Is “The Step” just a myth? Or is there really something to it?
The subject of aerodynamics is a slippery one, with any one effect having many plausible-sounding explanations. One of the most vexing aerodynamic theories is the one that claims that certain airplanes can achieve faster cruise speeds when they get into a certain pitch attitude. It might be useful to compare this with a floatplane, which plows along in the water until it achieves a more nose-down angle of attack and then transitions to a more efficient contact with the water’s surface in which it planes instead of plows. A theory associated with The Step is that it is achieved by climbing slightly above your cruise altitude and then descending back down to the target altitude. This theory holds that certain airplanes can achieve a faster cruise speed by using this technique than by leveling off directly at the cruise altitude. Proponents of this theory don’t generally offer an aerodynamic explanation for it.
Possible Aerodynamic Explanations
The Trim Argument: Some proponents of The Step theory say The Step is achieved by keeping the airplane trimmed slightly nose up or nose down, creating a more efficient aerodynamic attitude. The idea is that the airplane, like a floatplane’s floats, is more efficient at a certain angle of attack than at any other. That optimum angle of attack=The Step.
The CG Argument: The idea is that one can trim to a certain CG. By trimming nose up, you can emulate an aft CG. It’s easy to see how appealing this one is. Aerodynamically, an aft CG is a bad thing only in that it makes the airplane less stable in pitch. But it does make an airplane faster, usually only slightly so, but still.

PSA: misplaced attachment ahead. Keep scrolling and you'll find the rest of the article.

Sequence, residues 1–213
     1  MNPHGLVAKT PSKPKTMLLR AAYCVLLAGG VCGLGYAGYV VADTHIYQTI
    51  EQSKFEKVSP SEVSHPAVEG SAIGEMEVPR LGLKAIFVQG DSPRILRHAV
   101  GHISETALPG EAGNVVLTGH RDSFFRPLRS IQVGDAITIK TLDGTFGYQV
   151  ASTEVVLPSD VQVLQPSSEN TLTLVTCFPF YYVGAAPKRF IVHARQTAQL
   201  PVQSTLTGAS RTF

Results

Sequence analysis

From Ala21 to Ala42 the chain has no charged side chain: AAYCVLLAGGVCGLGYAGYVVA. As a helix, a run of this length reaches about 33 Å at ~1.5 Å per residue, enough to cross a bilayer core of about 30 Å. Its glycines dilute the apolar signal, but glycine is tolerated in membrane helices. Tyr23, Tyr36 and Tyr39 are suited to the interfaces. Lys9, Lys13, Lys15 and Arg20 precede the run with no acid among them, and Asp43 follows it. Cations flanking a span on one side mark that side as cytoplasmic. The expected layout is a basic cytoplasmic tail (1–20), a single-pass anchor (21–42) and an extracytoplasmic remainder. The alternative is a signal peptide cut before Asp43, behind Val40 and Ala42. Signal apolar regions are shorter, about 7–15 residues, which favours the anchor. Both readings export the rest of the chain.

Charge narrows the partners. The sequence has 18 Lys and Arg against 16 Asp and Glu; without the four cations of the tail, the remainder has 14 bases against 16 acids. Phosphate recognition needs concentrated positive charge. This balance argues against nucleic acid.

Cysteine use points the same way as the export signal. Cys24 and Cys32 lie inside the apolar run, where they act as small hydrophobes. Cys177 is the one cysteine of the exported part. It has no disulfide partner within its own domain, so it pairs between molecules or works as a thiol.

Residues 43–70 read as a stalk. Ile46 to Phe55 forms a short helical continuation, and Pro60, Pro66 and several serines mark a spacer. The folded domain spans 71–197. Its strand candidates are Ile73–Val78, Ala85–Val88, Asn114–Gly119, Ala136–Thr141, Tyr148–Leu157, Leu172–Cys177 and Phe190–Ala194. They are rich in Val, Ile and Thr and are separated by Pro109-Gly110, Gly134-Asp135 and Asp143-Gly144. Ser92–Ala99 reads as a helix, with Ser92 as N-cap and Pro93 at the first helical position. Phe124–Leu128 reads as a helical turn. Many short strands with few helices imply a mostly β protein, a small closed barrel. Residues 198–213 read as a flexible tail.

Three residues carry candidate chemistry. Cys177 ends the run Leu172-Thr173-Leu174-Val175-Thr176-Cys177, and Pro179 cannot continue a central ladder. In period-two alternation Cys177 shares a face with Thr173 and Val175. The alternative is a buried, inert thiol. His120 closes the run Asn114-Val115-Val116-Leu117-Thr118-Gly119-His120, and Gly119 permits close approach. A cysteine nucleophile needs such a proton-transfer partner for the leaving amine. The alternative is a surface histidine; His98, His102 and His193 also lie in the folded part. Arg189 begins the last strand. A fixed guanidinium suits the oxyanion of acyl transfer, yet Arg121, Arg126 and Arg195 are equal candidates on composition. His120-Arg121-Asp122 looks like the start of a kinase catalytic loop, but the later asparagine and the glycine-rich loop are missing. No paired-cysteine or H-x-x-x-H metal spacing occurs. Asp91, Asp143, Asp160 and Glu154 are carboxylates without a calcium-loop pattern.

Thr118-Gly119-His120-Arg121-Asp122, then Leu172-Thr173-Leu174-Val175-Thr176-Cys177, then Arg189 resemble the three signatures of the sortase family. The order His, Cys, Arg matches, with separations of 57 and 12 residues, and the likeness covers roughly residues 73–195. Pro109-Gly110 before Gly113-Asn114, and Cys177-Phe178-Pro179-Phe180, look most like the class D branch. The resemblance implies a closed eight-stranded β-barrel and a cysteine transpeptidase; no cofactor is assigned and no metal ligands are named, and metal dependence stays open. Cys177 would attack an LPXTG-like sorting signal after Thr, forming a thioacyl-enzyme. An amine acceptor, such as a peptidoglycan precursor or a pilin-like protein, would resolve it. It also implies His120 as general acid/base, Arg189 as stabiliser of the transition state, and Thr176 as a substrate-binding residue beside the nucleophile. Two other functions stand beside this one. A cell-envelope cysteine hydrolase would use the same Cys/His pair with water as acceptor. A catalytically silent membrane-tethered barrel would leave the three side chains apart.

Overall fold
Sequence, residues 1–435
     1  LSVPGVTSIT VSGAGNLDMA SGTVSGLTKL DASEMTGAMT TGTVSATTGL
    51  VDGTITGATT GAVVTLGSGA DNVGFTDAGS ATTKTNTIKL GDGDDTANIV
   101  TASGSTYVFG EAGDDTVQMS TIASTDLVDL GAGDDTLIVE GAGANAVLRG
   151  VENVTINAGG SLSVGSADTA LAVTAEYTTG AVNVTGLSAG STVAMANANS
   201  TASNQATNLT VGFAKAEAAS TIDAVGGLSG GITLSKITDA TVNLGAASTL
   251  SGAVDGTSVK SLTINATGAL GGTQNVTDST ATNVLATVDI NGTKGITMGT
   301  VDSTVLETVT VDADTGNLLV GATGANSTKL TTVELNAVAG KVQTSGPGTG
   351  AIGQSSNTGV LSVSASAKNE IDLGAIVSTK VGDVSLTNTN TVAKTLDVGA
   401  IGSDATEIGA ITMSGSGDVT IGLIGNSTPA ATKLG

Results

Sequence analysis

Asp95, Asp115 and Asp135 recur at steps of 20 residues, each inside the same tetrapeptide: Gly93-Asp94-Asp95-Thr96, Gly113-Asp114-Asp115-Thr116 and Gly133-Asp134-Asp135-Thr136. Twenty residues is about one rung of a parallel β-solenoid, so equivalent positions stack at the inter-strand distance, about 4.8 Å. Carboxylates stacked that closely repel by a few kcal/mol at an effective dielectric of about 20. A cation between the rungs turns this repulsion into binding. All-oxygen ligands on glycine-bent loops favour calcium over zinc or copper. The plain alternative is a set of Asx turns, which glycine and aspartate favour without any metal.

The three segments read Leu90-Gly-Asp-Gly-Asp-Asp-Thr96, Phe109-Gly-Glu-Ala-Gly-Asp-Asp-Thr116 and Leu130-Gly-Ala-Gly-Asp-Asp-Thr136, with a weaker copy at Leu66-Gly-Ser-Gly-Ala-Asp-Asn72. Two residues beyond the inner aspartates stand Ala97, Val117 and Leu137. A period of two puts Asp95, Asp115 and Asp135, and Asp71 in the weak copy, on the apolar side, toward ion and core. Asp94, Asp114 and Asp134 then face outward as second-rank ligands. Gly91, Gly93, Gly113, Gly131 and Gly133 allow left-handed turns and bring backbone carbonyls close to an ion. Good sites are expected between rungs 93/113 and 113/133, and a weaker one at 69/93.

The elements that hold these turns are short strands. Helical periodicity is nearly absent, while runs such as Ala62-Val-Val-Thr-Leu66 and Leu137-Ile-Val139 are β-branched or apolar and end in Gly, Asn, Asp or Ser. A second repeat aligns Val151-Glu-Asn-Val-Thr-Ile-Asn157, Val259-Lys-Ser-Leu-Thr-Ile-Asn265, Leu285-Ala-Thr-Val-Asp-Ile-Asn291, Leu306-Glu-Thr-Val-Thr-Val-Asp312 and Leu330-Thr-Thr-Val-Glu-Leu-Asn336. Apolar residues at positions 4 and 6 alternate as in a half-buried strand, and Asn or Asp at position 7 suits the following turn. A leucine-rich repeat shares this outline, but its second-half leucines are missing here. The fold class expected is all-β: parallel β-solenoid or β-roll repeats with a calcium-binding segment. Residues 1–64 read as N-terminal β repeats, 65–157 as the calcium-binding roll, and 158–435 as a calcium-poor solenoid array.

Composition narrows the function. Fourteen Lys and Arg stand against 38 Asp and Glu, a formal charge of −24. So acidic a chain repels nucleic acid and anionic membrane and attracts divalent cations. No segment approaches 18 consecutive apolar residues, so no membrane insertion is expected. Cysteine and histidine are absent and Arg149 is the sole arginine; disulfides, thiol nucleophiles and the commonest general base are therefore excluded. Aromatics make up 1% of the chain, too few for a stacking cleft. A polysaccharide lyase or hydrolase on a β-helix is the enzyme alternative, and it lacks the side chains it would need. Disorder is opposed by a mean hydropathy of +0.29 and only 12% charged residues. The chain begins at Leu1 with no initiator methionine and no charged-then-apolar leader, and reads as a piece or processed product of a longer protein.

The Mystery Argument: This is the hardest theory to disprove because it doesn’t offer any evidence other than personal experience, insisting that you’ve got to see it to believe it. Many of these believers in The Step claim it is achieved by the technique previously mentioned of descending back down to the target altitude after topping the climb a couple of hundred feet higher than that (ATC takes a dim view of this practice, it should be mentioned). These folks say that their planes get to a higher cruise speed than can otherwise be achieved by leveling off at the intended altitude without the intentional overshoot.
When examined closely, none of these arguments hold water. The Trim Theory doesn’t work because for a given power setting level is level. If you’re trimmed nose down and want to stay level, you need to manually fight against the trim tab by applying back-pressure. This will make the plane go slightly slower, not faster, as you’re adding drag with the out-of-trim condition. The CG argument doesn’t work, either, because you can’t trim to a CG condition; you can only load for it or reload (perhaps by asking your passengers to climb into the baggage compartment). You certainly can’t do it with the trim tab. Finally, some might find the Mystery Argument to be the most convincing because it doesn’t even try. But the truth is, an airplane in level flight is going to achieve a certain best airspeed at a given altitude regardless of how it got there. If it dives to an altitude, it’ll hit that airspeed a lot faster because you let gravity do the acceleration work for you. There continues to be no free lunch, however, as it will cost you more time and energy to make that additional climb than you’ll ever gain back in cruise speed. Verdict: The Step is a myth.